Immigration to USA > Maintaining Permanent Residence
Permanent residence in Canada (also referred to as landed immigrant status) brings with it a variety of rights and obligations. For example, permanent residents can live and work in any place in Canada.
However, a permanent resident can lose his/her permanent resident status in Canada if:
- They fail to comply with the “residency obligation” set out in Section 28 of the Immigration and Refugee Protection Act, which provides that:
A permanent resident complies with the residency obligation with respect to a five-year period if, on each of a total of at least 730 days in that five-year period, they are:
- physically present in Canada,
- outside Canada accompanying a Canadian citizen who is their spouse or common-law partner or, in the case of a child, their parent
- outside Canada employed on a full-time basis by a Canadian business or in the public service of Canada or of a province,
- outside Canada accompanying a permanent resident who is a spouse or common-law partner or, in the case of a child, the parent and who is employed on a full-time basis by a Canadian business or in the public service of Canada or of a province, or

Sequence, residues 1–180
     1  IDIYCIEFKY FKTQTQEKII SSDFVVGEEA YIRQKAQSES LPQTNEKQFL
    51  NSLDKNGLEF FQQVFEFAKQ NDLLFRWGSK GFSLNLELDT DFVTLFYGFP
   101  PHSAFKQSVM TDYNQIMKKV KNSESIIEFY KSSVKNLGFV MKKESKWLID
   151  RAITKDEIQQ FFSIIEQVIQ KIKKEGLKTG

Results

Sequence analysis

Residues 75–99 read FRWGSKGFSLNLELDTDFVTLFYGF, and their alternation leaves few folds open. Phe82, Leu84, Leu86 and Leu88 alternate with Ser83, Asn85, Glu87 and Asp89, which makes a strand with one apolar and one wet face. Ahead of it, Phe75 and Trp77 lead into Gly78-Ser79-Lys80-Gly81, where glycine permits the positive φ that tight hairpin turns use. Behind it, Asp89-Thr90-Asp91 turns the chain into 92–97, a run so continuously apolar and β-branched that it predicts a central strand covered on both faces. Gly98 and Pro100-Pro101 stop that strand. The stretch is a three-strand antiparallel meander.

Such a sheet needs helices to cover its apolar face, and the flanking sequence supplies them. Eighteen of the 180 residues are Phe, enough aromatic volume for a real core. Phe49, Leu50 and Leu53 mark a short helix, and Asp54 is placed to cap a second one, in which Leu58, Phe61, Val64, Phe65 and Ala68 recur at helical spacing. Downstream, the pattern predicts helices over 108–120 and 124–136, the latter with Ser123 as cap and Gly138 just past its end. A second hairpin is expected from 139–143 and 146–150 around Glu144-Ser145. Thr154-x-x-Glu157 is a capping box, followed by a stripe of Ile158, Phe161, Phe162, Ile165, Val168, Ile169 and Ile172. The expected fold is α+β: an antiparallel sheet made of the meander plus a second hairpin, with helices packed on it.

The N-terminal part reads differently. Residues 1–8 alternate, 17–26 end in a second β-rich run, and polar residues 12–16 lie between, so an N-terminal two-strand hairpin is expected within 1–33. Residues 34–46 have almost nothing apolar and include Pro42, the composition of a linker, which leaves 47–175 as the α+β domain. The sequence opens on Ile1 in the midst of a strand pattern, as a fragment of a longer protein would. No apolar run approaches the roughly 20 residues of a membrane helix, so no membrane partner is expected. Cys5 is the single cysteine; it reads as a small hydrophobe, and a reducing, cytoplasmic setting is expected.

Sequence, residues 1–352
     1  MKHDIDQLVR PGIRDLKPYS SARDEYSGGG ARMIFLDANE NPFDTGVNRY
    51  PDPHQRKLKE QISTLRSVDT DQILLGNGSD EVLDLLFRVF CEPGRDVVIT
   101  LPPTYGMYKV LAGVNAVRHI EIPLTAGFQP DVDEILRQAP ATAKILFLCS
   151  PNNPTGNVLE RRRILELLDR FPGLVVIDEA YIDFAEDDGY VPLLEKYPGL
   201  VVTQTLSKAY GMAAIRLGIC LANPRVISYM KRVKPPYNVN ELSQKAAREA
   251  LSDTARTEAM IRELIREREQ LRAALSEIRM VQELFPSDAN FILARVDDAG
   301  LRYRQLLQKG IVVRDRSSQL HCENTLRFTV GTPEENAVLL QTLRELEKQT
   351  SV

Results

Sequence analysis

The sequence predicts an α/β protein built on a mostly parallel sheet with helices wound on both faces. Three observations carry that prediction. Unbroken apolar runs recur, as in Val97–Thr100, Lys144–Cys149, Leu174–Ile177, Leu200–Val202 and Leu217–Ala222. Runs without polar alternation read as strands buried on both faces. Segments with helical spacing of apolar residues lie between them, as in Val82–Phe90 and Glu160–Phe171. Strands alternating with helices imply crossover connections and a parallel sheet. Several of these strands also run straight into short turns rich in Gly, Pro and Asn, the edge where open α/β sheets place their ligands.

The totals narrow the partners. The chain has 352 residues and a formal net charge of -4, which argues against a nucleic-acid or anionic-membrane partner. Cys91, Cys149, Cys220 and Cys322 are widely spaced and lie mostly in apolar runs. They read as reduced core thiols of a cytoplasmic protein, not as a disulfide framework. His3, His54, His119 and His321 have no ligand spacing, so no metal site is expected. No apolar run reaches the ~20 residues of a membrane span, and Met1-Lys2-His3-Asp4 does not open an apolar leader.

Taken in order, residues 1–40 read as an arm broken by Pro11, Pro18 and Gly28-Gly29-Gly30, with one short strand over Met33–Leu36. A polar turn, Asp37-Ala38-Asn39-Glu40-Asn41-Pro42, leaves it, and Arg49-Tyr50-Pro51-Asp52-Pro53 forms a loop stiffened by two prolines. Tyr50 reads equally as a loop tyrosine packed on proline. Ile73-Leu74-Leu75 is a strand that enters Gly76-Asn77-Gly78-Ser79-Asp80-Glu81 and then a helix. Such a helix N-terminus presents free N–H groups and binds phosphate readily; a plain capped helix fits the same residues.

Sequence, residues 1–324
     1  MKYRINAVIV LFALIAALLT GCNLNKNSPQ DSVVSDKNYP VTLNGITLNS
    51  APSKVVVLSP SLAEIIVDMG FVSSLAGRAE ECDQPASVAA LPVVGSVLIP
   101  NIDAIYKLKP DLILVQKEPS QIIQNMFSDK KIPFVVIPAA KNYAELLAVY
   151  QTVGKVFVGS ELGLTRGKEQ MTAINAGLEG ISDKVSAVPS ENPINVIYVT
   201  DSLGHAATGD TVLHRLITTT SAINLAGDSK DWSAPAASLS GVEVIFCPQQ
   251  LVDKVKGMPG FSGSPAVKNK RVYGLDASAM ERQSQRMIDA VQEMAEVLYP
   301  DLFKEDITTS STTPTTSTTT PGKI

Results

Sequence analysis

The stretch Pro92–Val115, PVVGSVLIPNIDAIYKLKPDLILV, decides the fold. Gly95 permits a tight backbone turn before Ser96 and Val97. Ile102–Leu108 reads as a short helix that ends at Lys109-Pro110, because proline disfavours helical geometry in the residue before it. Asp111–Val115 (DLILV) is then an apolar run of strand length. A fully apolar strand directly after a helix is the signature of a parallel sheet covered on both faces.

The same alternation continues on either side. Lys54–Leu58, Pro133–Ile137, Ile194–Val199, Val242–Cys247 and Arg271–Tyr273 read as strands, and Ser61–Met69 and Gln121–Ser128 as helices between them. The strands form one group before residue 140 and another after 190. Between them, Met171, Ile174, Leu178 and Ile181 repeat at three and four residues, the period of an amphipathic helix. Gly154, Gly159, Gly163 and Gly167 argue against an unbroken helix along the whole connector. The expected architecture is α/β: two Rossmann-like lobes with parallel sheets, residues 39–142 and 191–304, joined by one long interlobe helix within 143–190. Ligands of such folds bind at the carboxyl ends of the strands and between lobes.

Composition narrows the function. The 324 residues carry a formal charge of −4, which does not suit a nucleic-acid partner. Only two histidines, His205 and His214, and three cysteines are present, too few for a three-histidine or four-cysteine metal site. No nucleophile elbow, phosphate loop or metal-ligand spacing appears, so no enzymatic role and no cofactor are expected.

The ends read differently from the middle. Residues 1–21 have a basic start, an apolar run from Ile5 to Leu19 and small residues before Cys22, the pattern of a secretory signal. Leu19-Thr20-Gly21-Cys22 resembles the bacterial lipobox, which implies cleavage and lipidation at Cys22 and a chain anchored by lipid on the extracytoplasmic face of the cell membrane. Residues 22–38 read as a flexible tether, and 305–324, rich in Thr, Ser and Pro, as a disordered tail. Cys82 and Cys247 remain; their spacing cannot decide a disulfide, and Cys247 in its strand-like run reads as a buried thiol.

- referred to in the Regulations providing for other means of compliance.
- They are convicted of a serious criminal offence within the meaning of Section 36 of the Act either in or outside of Canada.
- They represent a security risk to Canada, have committed human or international rights violations, or are members of a criminal organization, pursuant to Sections 34, 35, and 37 of the Act, respectively.
- They have obtained permanent resident status due to misrepresentation, pursuant to Section 40 of the Act.
- They have failed to comply with conditions of their landing in Canada, as set out in Section 98 of the Act. For example, an individual who has landed as an entrepreneur but has failed to establish a business as required.
Federal Court and IRB hearings – Admissibility hearings
Residency requirements can be tricky business – Guidy Mamann, June 20th, 2005
Permanent residency doesn’t mean forever – Guidy Mamann, May 9th, 2005